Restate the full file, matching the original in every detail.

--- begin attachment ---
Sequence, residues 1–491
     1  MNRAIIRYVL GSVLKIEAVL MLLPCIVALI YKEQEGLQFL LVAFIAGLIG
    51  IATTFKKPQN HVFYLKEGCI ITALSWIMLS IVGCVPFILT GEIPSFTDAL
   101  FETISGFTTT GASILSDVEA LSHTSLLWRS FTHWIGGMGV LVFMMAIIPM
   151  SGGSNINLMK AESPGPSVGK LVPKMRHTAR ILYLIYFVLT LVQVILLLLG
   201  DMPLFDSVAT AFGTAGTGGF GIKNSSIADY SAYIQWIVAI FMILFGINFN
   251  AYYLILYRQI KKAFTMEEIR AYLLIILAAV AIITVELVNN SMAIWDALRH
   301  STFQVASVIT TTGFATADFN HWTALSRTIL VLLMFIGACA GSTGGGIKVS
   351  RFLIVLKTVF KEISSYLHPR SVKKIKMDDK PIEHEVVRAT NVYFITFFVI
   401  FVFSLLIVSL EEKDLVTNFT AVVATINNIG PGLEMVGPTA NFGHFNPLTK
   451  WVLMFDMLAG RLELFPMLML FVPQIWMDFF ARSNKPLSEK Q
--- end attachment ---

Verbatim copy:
Sequence, residues 1–491
     1  MNRAIIRYVL GSVLKIEAVL MLLPCIVALI YKEQEGLQFL LVAFIAGLIG
    51  IATTFKKPQN HVFYLKEGCI ITALSWIMLS IVGCVPFILT GEIPSFTDAL
   101  FETISGFTTT GASILSDVEA LSHTSLLWRS FTHWIGGMGV LVFMMAIIPM
   151  SGGSNINLMK AESPGPSVGK LVPKMRHTAR ILYLIYFVLT LVQVILLLLG
   201  DMPLFDSVAT AFGTAGTGGF GIKNSSIADY SAYIQWIVAI FMILFGINFN
   251  AYYLILYRQI KKAFTMEEIR AYLLIILAAV AIITVELVNN SMAIWDALRH
   301  STFQVASVIT TTGFATADFN HWTALSRTIL VLLMFIGACA GSTGGGIKVS
   351  RFLIVLKTVF KEISSYLHPR SVKKIKMDDK PIEHEVVRAT NVYFITFFVI
   401  FVFSLLIVSL EEKDLVTNFT AVVATINNIG PGLEMVGPTA NFGHFNPLTK
   451  WVLMFDMLAG RLELFPMLML FVPQIWMDFF ARSNKPLSEK Q